// Cast the ray and look for a collision
			if (Physics.Raycast(ray, out hit, 200, mask)) {
				// If we detect a collision with the ground, 
				// tell the agent to move to that location
				agent.destination = hit.point;
			}
		}
	}
}

Now press “Play” and click somewhere on the ground. The character should go there, while avoiding the obstacles along the way.

If it’s not working, try increasing the ray cast distance in the Physics.Raycast() function (it’s 200 in this example) or deleting the mask argument from the same function. If you delete the mask it will detect collisions with all boxes, but you will at least know if that was the problem.

If you want to see the actual path that the character is following, select the “player” game object and open the Navigation window.

Make the agent follow the character

  1. Repeat the same process as we did for the “player” object – attach a NavMeshAgent and a new script called “enemyMovement”.
  2. To get the player’s position, we will also add a reference to the “player” object, so we create a public Transform variable. Remember to go back in the Editor connect the “player” object to that variable.
  3. In the Update() method set the agent’s destination to be equal to the player’s position.

Here is the script so far:

using UnityEngine;
using System.Collections;

public class enemyMovement : MonoBehaviour {
	
	public Transform player;
	NavMeshAgent agent;
	
	void Start () {
		agent = GetComponent< NavMeshAgent >();
	}
	
	void Update () {
		agent.destination = player.position;
	}
}

Press “Play” and you should see something like the following screenshot. Again, if you want to show the path of the enemy object, you need to select it and open the Navigation window.

However, there are a few things that need fixing.

Here is what the docs say about Avoidance Priority:

When the agent is performing avoidance, agents of lower priority are ignored. The valid range is from 0 to 99 where: Most important = 0. Least important = 99. Default = 50.

By setting the priority of the “enemy” to 30 we are basically saying that enemies are more important and the player can’t push them around. However, this fix won’t work so well if you have 50 agents for example and I will show you a better way to fix this later.

Making a crowd of agents

Now let’s make this a bit more fun and add, let’s say 100 agents to the scene. Instead of copying and pasting the “enemy” object, we will make a script that instantiates X number of enemies within a certain radius and make sure that they always spawn on the grid, instead of inside a wall.

Create an empty game object, name it “spawner” and position it somewhere in the scene. Create a new C# script called “enemySpawner” and add it to the object. Open enemySpawner.cs and add a few public variables – one type int for the number of enemies that we want to instantiate, one reference of type GameObject to the “enemy” prefab, and one type float for the radius in which to spawn the agents. And one more – a reference to the “player” object.

using UnityEngine;
using System.Collections;

public class enemySpawner : MonoBehaviour {
	
	public float spawnRadius = 10;
	public int numberOfAgents = 50;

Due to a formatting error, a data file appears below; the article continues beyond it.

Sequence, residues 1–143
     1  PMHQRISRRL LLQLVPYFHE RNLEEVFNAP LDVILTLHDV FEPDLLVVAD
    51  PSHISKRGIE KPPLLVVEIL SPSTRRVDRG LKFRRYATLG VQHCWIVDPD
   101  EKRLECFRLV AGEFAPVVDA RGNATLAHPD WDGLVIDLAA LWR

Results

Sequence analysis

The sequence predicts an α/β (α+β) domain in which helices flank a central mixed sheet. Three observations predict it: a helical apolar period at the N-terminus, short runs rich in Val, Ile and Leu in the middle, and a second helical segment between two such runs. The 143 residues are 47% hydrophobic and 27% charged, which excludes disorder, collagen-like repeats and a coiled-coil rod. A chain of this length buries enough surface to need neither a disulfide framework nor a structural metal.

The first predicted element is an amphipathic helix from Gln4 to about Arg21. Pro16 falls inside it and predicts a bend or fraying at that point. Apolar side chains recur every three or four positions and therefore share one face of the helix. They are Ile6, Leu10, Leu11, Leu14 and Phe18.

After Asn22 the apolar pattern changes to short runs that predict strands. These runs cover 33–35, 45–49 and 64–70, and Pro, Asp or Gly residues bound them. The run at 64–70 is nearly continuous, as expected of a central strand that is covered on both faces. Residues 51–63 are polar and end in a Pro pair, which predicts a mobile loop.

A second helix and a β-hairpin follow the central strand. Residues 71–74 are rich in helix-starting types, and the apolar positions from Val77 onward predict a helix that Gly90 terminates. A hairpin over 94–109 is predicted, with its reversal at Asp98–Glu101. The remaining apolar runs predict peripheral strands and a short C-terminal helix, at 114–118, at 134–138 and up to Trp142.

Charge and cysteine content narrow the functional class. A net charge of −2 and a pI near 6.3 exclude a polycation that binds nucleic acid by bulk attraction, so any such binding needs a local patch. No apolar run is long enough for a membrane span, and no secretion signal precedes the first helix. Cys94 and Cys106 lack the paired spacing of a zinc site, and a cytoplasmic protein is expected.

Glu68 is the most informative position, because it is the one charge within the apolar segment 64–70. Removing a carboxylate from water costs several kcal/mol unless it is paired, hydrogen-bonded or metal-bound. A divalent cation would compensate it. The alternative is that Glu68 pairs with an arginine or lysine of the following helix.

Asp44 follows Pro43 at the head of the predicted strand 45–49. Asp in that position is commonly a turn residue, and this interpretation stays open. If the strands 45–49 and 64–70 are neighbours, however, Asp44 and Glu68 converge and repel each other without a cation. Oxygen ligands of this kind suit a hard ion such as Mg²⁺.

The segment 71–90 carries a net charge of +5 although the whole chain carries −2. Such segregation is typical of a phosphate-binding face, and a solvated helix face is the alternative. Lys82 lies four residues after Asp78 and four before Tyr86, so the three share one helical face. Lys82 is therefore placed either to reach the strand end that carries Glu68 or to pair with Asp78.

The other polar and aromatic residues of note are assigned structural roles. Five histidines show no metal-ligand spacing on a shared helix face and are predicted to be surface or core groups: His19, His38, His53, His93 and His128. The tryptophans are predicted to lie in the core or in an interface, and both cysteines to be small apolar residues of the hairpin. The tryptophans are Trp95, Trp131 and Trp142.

public GameObject enemyPrefab;
	public Transform player;
	
	void Start () {
	
	}
}

At this point we can delete the “enemy” object from the scene (make sure you have it as a prefab) and link the prefab to the spawner script. Also link the “player” object to the “player” variable of the spawner.

To make our life easier we will visualise the radius inside the Editor. Here is how:

using UnityEngine;
using System.Collections;

public class enemySpawner : MonoBehaviour {
	
	public float spawnRadius = 10;
	public int numberOfAgents = 50;
	public GameObject enemyPrefab;
	public Transform player;
	
	void Start () {
	
	}
	
	void OnDrawGizmosSelected () {
		Gizmos.color = Color.green;
		Gizmos.DrawWireSphere (transform.position, spawnRadius);
	}
}

OnDrawGizmosSelected() is a function just like OnGUI() that gets called automatically and allows you to use the Gizmos class to draw stuff in the Editor. Very useful! Now if you go back to the Editor, select the “spawner” object and adjust the “spawnRadius” variable if needed. Make sure that the centre of the object sits as close to the floor as possible to avoid spawning agents on top of one of the boxes.

In the Start() function we will spawn all enemies at once. Not the best way to approach, but will work for the purposes of this example. Here is what the code looks like:

using UnityEngine;
using System.Collections;

public class enemySpawner : MonoBehaviour {
	
	public float spawnRadius = 10;
	public int numberOfAgents = 50;
	public GameObject enemyPrefab;
	public Transform player;
	
	void Start () {
		for (int i=0; i < numberOfAgents; i++) {
			// Choose a random location within the spawnRadius
			Vector2 randomLoc2d = Random.insideUnitCircle * spawnRadius;
			Vector3 randomLoc3d = new Vector3(transform.position.x + randomLoc2d.x, transform.position.y, transform.position.z + randomLoc2d.y);
			
			// Make sure the location is on the NavMesh
			NavMeshHit hit;
			if (NavMesh.SamplePosition(randomLoc3d, out hit, 100, 1)) {
				randomLoc3d = hit.position;
			}
			
			// Instantiate and make the enemy a child of this object
			GameObject o = (GameObject)Instantiate(enemyPrefab, randomLoc3d, transform.rotation);
			o.GetComponent< enemyMovement >().player = player;
		}
	}
	
	void OnDrawGizmosSelected () {
		Gizmos.color = Color.green;
		Gizmos.DrawWireSphere (transform.position, spawnRadius);